Robyn Stacy-Humphries, MD, has biopsied and diagnosed cancer her entire career, so when she developed an enlarged lymph node above her clavicle, her clinical perspective told her there was something very wrong.
After reviewing her own imaging test and noting that there were many concerning small lymph nodes, she knew she had lymphoma.
“I had been experiencing what I thought were allergies, but it turned out I had lymphoma in my nasal cavity,” she recalls about her 2011 diagnosis of diffuse large B-cell lymphoma (DLBCL).
Robyn began chemotherapy near her home in North Carolina, which quickly put her cancer into remission. Her oncologists were hopeful that she was cured, but then the cancer recurred in 2015.
She began a second-round regimen of high-dose chemotherapy followed by an autologous stem cell transplant — a procedure that involves harvesting a patient’s own stem cells and then re-infusing them to promote growth of healthy new blood cells — followed by head and neck radiation. She went back into remission but relapsed again in April 2016.
The best option left was an allogeneic stem cell transplant — where she would receive stem cells from another person — but she did not have an identified bone marrow donor match. She also had serious concerns about the disruption this treatment would have on her daily life.
"I am a full-time physician and a generally active person. I already had to limit my practice. If I survived an allogeneic transplant, I would not be able to work in patient care. As the primary breadwinner of the family, I frantically began searching for clinical trials that would control my cancer and give me a better quality of life,” Robyn recalls.
Through her research, she read about CAR T-cell immunotherapy and believed she was a good candidate for the treatment. This treatment involves extracting and re-engineering disease-fighting white cells (T-cells) from a patient’s blood by exposing them to a de-activated virus that enables them able to recognize specific markers of the surface of DLBCL cells. These “re-educated” T-cells are then infused back into the patient, similar to an autologous stem cell transplant process. Instead of relying on high-dose chemotherapy to eradicate the cancer and using stem cells as a rescue to regrow healthy bone marrow cells, CAR T-cell immunotherapy essentially creates “super T-cells” that recognize a specific marker on the surface of the cancer cell and then eradicate the cancer directly.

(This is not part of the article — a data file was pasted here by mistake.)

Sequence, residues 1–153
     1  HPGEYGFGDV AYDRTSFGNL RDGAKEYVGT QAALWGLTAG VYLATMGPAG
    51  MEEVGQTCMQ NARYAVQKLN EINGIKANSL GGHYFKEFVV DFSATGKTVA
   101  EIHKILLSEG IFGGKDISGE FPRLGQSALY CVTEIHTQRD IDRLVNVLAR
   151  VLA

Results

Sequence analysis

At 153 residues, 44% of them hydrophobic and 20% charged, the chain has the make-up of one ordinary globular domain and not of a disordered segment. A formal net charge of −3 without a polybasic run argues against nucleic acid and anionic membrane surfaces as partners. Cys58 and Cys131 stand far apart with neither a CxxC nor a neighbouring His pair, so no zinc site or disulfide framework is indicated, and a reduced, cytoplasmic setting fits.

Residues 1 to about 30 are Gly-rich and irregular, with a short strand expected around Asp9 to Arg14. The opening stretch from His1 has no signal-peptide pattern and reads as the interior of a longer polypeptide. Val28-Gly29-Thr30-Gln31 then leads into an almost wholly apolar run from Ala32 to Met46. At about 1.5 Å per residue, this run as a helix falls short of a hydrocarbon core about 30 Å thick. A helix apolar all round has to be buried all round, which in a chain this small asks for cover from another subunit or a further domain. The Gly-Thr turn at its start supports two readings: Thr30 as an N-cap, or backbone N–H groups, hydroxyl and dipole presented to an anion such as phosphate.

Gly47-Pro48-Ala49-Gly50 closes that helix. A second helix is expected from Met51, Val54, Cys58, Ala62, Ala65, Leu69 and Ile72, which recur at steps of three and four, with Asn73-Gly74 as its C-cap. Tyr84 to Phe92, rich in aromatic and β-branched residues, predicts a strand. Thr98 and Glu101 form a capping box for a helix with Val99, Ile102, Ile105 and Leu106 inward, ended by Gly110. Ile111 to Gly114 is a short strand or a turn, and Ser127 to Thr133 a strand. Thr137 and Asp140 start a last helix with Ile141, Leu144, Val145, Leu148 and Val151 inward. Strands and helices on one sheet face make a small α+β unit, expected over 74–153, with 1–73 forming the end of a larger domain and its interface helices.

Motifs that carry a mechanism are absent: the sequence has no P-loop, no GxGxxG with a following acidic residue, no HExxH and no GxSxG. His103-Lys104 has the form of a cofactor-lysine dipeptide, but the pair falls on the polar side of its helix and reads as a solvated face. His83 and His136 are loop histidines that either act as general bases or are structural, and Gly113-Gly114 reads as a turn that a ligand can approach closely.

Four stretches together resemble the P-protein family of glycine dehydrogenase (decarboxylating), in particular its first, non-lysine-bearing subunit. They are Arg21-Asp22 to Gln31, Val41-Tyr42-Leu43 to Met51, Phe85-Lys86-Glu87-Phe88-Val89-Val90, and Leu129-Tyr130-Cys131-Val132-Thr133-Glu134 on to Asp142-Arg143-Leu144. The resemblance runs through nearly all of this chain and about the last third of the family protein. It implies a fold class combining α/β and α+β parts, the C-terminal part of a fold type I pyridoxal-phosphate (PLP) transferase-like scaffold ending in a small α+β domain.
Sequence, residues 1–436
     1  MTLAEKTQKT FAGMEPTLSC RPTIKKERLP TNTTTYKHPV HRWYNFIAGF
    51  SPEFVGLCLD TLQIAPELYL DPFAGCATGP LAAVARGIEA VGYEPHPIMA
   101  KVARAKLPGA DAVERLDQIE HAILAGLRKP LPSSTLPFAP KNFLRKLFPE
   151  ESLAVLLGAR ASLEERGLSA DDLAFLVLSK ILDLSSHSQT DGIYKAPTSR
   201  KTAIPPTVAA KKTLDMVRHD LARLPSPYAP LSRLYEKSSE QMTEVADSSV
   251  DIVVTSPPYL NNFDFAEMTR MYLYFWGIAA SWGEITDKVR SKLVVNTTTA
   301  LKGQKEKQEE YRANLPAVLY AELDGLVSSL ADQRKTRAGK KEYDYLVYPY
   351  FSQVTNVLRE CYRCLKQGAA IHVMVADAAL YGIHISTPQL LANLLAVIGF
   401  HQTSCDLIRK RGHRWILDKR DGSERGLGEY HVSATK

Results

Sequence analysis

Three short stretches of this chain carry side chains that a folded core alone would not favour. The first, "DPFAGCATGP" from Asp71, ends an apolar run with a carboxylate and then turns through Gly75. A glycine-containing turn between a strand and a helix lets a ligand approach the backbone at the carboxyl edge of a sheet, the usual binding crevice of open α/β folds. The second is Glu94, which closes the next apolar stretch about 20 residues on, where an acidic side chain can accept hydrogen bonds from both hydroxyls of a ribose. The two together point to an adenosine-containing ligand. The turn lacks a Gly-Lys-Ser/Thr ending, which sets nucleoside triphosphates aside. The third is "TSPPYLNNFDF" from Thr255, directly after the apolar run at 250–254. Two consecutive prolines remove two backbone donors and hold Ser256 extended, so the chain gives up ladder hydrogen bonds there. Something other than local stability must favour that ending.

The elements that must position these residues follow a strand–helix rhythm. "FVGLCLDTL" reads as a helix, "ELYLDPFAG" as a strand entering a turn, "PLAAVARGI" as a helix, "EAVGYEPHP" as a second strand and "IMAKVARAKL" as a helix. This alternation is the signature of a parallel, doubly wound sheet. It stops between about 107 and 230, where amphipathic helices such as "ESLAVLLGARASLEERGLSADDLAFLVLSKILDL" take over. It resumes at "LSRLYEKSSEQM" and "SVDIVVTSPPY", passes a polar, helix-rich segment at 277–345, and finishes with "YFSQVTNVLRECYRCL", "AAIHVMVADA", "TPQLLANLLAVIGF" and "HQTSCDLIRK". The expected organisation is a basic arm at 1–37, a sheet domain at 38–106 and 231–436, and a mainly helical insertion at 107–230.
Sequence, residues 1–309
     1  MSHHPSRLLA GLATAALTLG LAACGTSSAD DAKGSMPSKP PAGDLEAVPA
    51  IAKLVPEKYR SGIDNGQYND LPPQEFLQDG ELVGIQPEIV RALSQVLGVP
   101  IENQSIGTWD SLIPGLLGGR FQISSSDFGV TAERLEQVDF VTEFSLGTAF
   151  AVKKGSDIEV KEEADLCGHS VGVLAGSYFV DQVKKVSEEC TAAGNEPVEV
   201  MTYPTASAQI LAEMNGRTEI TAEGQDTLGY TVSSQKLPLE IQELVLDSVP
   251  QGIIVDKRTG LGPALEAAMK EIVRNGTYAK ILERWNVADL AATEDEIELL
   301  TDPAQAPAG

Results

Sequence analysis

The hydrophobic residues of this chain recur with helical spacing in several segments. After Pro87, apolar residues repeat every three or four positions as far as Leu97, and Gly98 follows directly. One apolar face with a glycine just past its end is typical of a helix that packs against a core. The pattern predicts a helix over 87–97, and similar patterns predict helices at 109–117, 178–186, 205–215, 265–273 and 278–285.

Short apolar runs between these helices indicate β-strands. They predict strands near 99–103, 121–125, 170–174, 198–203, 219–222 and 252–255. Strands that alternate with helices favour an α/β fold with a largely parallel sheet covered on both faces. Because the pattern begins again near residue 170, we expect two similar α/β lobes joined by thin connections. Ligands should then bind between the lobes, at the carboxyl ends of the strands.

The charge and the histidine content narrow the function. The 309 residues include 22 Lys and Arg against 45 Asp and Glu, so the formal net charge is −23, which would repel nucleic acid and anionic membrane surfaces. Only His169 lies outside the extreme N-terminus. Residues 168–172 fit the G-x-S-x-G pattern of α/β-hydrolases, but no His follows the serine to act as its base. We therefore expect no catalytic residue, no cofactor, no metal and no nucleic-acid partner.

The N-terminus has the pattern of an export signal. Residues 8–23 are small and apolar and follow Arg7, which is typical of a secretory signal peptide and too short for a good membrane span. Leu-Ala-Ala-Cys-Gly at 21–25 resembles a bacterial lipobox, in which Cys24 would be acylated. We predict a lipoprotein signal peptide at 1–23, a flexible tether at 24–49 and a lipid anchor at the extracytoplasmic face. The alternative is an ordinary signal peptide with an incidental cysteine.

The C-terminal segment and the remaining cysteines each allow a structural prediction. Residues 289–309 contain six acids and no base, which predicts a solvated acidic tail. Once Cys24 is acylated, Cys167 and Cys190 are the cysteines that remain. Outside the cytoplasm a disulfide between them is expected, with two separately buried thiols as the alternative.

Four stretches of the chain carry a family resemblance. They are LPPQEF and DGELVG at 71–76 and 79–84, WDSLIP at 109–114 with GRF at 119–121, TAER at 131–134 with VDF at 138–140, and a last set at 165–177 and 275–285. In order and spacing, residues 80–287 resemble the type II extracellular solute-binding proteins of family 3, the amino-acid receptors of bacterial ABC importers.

Robyn learned that The Ohio State University Comprehensive Cancer Center – Arthur G. James Cancer Hospital and Richard J. Solove Research Institute (OSUCCC – James) had an opening in a clinical trial for CAR T-cell immunotherapy, which was not yet approved by the Food and Drug Administration for standard care. She was accepted into the trial and received her CAR T-cell injection in September 2016. Within a week, none of her lymph nodes were palpable. Within three months, there was no evidence of disease. Now three years post-treatment, her cancer remains in remission.
“I hope I am cured, but if I’m not, maybe with the new therapies and medicines they can turn this into a chronic but not lethal disease,” she says. “I feel good, and I have an excellent quality of life. When I go somewhere, people don’t know I have been sick.”
Robyn says she is able to do almost everything she wants to do. She can work and support her family, spend time with her children and enjoy travel with her husband.
“Most of us love superheroes. Why? Because they have super powers and escape death because of some type of genetic alteration. Humans have always been fascinated by escaping mortality. I should have been dead, probably two years ago. But I am alive thanks to a clinical trial that made me a genetically altered human,” says Robyn. “Securing that clinical trial spot was like winning the lottery. There was hope. With my second chance, I am relishing life, and I never stop being grateful for this time.”
Since her CAR T-cell treatment, Robyn has earned open-water dive certification and has gone diving in the French Polynesia. She has hiked much of the W trek in Patagonia and reached the top of Skellig Michael in Ireland. She plans to participate in her fourth 10K Cooper River Bridge Run in the spring. She’s also committed to paying it forward by raising money for the Leukemia & Lymphoma Society as a 2020 candidate for Woman of the Year.
To learn more about CAR T-cell immunotherapy and clinical trials at the OSUCCC – James, call 1-800-293-5066 or search our clinical trials.